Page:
Amidah: Sacrifice or Prayer?
The Gemara is found in Berachoth 1:1 and discusses the source for the halakhah that during the Amidah we stand with our feet next to each other. We will discuss soon exactly what it means that we keep our feet next to each other. The Gemara cites the opinion of two Amoraim Rabbi Levi and Rabbi Simon although it does not know who said what. One Amora says that the reason we keep our feet together is to liken ourselves to the Angels and the other Amora says that we liken ourselves to the Priests.
The Gemara elaborates now: The one who says that we keep our feet next to each other in order to liken ourselves to the Priests learns this from the verse in Shemoth 20:23 “You shall not ascend on stairs My altar so that your nakedness not be revealed over it”. He learns that the Priests would walk on the altar placing the heal of one foot next to the big toe of the other foot so as to keep their legs closed. According to this Amora it would seem (and the Commentators seem to think so also) that during the Amida we should keep one foot in front of the other.
The Amora that says that we keep our feet next to each other in order to liken ourselves to the Angels learns this from the description Ezekiel gives of the angels that he sees in his vision in which the angels appear to have a single leg. Yechezkel says in 1:7: “veraglehem regel yeshara”, and their legs were a straight leg which means that they appeared as if they only had one leg. According to this opinion we should keep our legs next to each in parallel during the Amidah.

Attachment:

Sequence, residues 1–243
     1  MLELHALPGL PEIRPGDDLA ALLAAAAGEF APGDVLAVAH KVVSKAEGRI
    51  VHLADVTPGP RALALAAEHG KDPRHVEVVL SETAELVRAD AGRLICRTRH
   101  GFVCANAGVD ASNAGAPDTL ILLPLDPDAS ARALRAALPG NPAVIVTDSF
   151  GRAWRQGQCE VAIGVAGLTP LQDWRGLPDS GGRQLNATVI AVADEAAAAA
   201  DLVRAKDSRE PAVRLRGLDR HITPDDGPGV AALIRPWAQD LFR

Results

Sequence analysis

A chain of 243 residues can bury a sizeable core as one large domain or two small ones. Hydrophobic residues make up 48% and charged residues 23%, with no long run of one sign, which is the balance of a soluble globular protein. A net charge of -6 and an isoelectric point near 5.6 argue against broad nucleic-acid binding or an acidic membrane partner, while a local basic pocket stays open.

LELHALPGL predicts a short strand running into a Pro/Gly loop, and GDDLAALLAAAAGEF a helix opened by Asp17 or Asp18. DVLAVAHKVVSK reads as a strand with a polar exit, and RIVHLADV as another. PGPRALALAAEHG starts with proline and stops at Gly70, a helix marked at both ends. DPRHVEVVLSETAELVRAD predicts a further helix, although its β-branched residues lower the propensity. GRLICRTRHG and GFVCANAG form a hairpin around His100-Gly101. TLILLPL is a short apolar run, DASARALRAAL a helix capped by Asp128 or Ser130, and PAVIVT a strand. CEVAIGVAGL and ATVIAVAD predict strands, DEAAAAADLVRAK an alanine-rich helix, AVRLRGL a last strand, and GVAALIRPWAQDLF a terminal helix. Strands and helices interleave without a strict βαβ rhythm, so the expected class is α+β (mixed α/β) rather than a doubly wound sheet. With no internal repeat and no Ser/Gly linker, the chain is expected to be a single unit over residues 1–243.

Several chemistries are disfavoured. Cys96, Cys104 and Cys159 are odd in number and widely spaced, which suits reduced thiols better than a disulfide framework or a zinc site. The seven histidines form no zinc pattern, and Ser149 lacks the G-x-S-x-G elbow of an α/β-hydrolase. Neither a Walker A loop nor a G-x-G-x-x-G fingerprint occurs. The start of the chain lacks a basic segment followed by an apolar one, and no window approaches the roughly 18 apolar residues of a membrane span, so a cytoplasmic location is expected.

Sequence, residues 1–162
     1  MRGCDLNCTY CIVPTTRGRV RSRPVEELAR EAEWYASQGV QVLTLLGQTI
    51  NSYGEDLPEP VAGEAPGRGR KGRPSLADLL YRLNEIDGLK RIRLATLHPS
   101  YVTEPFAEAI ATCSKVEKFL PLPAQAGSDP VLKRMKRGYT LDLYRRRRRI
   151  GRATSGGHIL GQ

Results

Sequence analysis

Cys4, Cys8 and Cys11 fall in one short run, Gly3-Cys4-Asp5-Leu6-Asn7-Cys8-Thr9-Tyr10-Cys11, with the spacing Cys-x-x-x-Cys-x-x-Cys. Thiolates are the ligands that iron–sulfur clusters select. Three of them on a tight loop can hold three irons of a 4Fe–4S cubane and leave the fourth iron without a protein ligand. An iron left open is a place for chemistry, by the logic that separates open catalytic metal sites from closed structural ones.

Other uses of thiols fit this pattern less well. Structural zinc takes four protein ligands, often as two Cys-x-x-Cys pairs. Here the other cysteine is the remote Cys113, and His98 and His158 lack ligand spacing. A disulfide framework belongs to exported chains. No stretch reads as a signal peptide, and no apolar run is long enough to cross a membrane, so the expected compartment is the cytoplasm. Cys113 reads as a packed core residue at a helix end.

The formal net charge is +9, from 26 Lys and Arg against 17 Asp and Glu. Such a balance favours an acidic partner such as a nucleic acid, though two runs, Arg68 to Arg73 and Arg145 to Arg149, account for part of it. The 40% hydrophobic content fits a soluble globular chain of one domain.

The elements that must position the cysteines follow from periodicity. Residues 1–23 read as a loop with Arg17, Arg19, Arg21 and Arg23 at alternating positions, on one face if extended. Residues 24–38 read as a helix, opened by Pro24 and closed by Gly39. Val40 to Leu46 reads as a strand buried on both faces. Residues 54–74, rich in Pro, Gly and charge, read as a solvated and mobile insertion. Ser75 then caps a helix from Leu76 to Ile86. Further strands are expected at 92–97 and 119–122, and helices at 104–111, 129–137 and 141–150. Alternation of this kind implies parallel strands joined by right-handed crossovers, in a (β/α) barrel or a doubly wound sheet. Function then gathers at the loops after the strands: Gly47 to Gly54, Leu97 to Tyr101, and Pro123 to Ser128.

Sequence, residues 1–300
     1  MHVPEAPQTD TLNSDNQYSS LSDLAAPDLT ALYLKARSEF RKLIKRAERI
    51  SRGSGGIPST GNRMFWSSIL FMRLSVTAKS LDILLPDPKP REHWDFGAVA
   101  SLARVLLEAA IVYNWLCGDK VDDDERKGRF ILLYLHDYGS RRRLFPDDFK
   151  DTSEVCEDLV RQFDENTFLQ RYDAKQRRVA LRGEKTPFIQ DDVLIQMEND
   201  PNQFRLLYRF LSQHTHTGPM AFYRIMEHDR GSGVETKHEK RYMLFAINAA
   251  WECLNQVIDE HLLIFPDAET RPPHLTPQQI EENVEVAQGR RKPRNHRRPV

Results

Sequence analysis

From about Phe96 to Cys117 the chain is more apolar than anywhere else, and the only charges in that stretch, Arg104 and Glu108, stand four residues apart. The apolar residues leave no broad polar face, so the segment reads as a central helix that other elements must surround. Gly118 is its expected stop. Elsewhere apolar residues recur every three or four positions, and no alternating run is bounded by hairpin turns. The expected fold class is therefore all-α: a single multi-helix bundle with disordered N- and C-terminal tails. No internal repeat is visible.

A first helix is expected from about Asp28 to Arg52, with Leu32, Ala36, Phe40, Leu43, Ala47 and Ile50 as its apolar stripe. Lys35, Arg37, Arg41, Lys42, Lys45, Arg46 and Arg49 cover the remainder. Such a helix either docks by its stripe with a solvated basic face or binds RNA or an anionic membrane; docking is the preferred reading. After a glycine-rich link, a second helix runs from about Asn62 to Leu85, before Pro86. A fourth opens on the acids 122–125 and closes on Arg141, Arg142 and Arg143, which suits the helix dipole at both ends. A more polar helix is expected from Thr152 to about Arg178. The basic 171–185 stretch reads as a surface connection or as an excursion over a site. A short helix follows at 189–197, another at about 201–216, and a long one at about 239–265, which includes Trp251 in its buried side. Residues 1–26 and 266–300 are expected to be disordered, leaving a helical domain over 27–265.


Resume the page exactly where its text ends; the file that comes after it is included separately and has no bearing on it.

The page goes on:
Here comes a very important point that the Gemara does not make explicitly because this is not its focus. The difference in the reason given for keeping our legs next to each other during the Amidah tells us exactly how we should position our feet, in parallel or in serial, but more so it makes a distinction in the nature of the Amidah. The opinion that during the Amidah we liken ourselves to the Priests supposes that the Amidah is a stand in for the Sacrificial Ritual which is no longer possible because we do not have the Beth Mikdash. The other opinion, that we liken ourselves to Angels suggests that the Amidah represents the universal Tefillah, prayer, distinct from the Sacrificial Ritual.
We learn here that the Amoraim dispute whether we keep our feet in parallel or in serial during the Amidah and that depends on whether we liken ourselves to the Priests performing their Service or to the Angels. On a deeper level perhaps this dispute is rooted in their perception of the nature of the Amidah. Is it a continuation of the Sacrificial Ritual or universal prayer.